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PostPosted: Sat Aug 23, 2008 9:32 pm 
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So far this year, I've been asked to make the following types of websites. It got me thinking about how to prepare for the future.

- manage a sales campaign pipeline -- was mostly CRUD with table and record views, and lots of heavy roles on what could and could not be done, followed by alerts

- classified listings (niche vendor topic), browsable on category, searchable on keyword

- product catalog with admin backend, along with simplistic PayPal integration (the free kind) with Add To Cart and Checkout Now buttons

- gadget to randomly show arcade game icons and links

- job search site -- is mostly CRUD on table and record views, but had a lot of similarities to the classified listings site

- contact forms w/captchas - 6 different clients

- 3 sites with custom CMSes (each client didn't want something canned)

- phpBB forum integration -- gadgets for putting into a CMS + comments on CMS articles get posted directly into the forum instead of into the CMS

- every site needed an admin system; had to use AJAX instead of FRAMEs and IFRAMEs in order to make the site zippy fast over the Internet -- admins don't like to have to wait for menus to be redrawn all the time on sometimes slow connections (busy websites).

- about 7 out of 10 sites needed some kind of file upload handler for either an icon, an image, an invoice, etc.

So, to all those guys considering becoming a freelancer out there, still working that regular programmer day job in a cubicle somewhere, I have this advice. Consider building the following frameworks, either using some existing framework and customizing, or develop your own framework on pure PHP. The frameworks would be:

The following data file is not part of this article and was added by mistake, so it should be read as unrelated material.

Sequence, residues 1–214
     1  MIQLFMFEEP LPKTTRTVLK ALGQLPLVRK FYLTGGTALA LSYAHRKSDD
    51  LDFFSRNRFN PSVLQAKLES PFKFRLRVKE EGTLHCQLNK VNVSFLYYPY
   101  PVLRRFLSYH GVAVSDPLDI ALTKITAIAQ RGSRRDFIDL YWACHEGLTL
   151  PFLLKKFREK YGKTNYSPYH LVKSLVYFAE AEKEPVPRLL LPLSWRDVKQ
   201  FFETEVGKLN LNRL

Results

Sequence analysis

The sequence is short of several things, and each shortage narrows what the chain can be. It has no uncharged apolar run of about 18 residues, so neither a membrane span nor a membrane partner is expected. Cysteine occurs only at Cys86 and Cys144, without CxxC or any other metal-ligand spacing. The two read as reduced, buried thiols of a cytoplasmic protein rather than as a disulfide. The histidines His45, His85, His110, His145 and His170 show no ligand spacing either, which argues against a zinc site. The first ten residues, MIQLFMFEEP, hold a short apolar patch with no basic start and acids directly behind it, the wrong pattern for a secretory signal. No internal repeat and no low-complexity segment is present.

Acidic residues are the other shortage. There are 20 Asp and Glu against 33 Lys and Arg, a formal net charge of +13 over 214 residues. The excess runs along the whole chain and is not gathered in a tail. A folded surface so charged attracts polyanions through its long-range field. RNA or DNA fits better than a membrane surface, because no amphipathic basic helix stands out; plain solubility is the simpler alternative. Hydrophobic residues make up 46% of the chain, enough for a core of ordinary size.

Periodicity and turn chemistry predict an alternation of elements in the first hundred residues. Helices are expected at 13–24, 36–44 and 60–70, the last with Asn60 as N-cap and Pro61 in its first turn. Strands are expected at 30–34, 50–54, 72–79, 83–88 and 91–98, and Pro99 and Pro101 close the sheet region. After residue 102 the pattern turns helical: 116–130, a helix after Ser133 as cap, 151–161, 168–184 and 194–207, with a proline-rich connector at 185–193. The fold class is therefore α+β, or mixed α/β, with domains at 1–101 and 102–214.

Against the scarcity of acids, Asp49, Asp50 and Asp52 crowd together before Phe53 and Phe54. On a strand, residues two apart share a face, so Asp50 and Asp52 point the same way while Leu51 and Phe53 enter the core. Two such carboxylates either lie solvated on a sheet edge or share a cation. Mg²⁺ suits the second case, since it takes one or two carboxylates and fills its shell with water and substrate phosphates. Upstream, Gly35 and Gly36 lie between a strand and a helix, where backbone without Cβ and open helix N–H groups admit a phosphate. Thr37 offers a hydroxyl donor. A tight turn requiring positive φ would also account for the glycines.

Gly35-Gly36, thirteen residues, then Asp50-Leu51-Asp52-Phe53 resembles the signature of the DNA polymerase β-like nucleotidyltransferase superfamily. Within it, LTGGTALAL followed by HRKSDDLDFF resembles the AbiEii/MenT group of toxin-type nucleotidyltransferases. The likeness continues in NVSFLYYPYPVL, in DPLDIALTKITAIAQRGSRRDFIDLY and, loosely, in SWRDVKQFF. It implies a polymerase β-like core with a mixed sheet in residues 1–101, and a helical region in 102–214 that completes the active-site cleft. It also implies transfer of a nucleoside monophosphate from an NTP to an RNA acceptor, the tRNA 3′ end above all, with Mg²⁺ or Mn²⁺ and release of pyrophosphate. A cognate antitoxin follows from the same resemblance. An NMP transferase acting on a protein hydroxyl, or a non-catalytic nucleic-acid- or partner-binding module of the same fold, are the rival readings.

- admin system with basic CRUD of record and table views; keep jQuery Accordion menus on the left and use jQuery Forms' AJAX to swap out the forms on the right (so you don't need to keep redrawing the menus and don't need FRAMEs or IFRAMEs).

- build a file upload handler

- learn a forum system well enough to build gadgets that draw content out of it, or to have comments on CMS articles post content into it.

- make your own micro CMS -- tie the admin system you build with some end user front-end gadgets that draw the CMS content out

- make a really good contact form that can't be hacked easily at all

- make a reusable product catalog that can be tied to PayPal with Add To Cart and Checkout Now buttons, and if you have the time, one with Google Checkout.

- build a job search site

- build a classified listings site

What I mean to say is, if you can do all of the above BEFORE you take the leap into 100% freelancing, you'll be able to hit the ground running with reusable code on like 70% of the projects you see out there. I mean, now that I've done these sorts of sites, I'm seeing my timelines shorten a great deal because I have so much reusable code that I just alter slightly and off I go. And you can do all of these kinds of sites initially as your own hosted projects, earning ad revenue or subscription revenue, BEFORE you start doing it for other clients. This will give you the necessary residual income you will need to help you ride out the dry periods.

Of course, this isn't the recipe for turning anyone into an excellent PHP developer. There's far more to learn out there to be the best you can be. It's just that if I had done all of the above BEFORE I had become a freelancer, I wouldn't have had such a rocky road up until now.


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PostPosted: Sat Aug 23, 2008 11:19 pm 
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jack_indigo,

Thanks for the post. It is interesting to hear what exactly is being asked for most out in the freelance world. I work full time as a PHP developer, but knowing what systems I should expand upon and know I can use in the future is a plus. Thanks for the post.

Luke


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PostPosted: Sun Aug 24, 2008 6:22 pm 
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Yeah, it's by no means complete. It's just a trend I'm seeing here. Sure, there can be like 100 different ways to build a classified listings site because of special client needs -- it's just that if you build one version, it sure makes building the other 99 a lot easier, right? And no freelancer can probably survive without being asked at least 3 or 4 times in a year to build a product catalog or integrate with one. So this is more about trends rather than concrete observations. And every site needs an admin system on the backend, so why not make a reusable framework for one that you can customize for each client?